That a shift could reduce the number of inter-county games and competitions, not increase them, yet still enhance and improve the overall state of the game. 

In his eyes, the provincial championships will remain in the summer and to detach them completely from the All-Ireland series itself would negatively impact on the club.

He was also quite bolshie in his comments regarding the CPA. 

“I’m not going to conduct megaphone diplomacy with any group,” he told Lanigan. “There has been a lot in the media in the last month from the CPA. I’m not reacting to it.”

As if the CPA wouldn’t be inundated with media requests in what was supposedly a designated club month. 

Or they hadn’t been diplomatic and respectful towards Horan in most of those interviews at the start of the month before their frustration levels grew, due to what they consider an unnecessary impasse from headquarters. 

Or as if that fixtures group couldn’t have already been in place before April to avoid any antagonism or spotlight from the CPA.

The CPA won’t be that bothered by such a swipe, just as they moved on from Horan’s bit of megaphone interaction with them at Congress back in February. 

What they will be more concerned about though is that Horan is talking about a Special Congress for this autumn to have a two-tier football championship in place for 2020, and yet reiterating to Lanigan that the Super 8s in football and current provincial format in hurling was a three-year trial.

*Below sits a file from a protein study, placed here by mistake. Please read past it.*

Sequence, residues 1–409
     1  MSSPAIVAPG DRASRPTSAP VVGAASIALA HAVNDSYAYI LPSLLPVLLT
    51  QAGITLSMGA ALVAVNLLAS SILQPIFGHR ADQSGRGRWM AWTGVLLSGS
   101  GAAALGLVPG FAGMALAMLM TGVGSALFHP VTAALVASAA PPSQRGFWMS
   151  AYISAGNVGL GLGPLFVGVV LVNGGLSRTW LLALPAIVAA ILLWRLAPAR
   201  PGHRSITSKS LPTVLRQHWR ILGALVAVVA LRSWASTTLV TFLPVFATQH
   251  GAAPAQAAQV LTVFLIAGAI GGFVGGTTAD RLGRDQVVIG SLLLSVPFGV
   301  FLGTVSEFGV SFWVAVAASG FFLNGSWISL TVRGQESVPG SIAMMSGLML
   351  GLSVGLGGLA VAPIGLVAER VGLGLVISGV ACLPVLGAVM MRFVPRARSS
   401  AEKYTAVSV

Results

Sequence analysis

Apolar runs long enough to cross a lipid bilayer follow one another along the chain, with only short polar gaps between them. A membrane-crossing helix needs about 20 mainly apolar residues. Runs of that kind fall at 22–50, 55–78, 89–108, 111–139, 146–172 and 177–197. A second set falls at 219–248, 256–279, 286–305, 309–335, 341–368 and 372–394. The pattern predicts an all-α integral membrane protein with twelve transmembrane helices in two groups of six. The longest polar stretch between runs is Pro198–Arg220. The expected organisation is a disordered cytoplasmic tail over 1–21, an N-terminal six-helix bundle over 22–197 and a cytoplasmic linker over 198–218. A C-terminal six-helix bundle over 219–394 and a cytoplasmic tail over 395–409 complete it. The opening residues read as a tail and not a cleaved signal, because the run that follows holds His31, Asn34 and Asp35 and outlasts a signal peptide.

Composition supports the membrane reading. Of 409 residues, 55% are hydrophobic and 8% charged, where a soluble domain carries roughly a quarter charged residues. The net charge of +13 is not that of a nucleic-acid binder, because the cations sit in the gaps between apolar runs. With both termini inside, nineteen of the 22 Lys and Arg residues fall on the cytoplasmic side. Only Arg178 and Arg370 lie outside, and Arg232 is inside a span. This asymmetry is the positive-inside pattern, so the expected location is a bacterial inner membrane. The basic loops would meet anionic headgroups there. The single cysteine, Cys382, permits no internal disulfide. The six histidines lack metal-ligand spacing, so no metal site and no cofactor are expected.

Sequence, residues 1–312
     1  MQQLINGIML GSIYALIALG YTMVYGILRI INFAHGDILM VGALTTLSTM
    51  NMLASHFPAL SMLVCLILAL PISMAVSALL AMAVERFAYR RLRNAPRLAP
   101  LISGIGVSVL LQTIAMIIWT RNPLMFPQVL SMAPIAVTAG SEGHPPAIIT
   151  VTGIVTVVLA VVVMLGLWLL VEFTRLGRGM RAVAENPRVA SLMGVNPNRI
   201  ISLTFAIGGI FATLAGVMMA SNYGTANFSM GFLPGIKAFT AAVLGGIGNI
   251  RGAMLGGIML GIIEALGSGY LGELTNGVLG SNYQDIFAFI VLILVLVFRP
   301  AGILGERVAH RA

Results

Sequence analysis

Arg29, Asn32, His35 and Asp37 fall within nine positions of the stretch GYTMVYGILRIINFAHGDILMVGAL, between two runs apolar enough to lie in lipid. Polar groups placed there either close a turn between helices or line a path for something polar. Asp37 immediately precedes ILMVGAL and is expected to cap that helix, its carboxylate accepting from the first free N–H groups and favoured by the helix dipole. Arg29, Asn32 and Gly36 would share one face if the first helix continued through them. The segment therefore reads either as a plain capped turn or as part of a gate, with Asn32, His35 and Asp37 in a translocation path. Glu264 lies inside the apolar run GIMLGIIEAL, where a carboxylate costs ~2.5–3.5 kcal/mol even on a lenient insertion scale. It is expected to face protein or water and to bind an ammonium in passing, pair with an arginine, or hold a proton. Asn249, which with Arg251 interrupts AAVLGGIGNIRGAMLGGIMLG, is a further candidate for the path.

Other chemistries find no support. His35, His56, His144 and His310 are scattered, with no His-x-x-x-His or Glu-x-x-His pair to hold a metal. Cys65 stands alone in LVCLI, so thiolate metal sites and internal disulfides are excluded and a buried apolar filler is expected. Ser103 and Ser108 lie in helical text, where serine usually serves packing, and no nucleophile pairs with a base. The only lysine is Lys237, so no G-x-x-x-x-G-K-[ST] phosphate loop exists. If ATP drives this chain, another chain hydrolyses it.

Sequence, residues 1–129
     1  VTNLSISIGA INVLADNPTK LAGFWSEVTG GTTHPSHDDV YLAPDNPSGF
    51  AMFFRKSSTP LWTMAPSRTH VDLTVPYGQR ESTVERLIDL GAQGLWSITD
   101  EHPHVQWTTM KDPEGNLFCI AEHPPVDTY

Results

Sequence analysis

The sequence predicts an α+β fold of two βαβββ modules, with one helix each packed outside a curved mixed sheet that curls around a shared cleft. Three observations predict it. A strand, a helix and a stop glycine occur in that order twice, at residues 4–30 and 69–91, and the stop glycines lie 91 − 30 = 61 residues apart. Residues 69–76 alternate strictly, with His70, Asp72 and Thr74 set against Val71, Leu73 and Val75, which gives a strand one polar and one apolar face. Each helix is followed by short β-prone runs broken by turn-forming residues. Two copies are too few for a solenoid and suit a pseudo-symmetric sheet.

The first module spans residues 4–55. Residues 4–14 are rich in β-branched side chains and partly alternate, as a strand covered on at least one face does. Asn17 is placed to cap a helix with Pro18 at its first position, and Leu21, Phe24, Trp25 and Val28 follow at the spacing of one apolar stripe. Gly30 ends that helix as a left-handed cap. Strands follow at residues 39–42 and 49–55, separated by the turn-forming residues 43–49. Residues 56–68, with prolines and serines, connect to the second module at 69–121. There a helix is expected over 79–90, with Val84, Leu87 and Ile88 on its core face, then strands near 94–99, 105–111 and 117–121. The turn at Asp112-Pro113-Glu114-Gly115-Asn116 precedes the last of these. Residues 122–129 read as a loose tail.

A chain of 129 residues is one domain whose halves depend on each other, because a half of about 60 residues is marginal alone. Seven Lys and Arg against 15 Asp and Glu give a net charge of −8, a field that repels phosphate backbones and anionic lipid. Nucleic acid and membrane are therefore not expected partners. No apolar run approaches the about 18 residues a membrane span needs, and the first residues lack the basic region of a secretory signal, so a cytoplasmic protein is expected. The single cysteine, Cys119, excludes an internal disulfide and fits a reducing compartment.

Only then adding, “We have to come with proposals next February for Congress [2020] as to what happens for 2021 — whether we go back to the old [structure], continue with the new, or bring an alternative.”

Mathematically as well as logically, that doesn’t add up. 

By next February, the current hurling format and the Super 8s will have only been after Year Two of their three-year trial. 

And couldn’t a two-tier championship have already been approved by then? And will the fixtures group he’s establishing be the ones conducting that review of the current three-year trial in hurling and football?

The cube continues to be rotated in a scrambled, haphazard fashion.

But the thing about the Rubik is that with a bit of strategic thinking, it can be resolved. 

With all sides and faces looking the part. 

Having a game in May or early June that the Dubs might be pushed — and shown live — in shouldn’t be a stretch.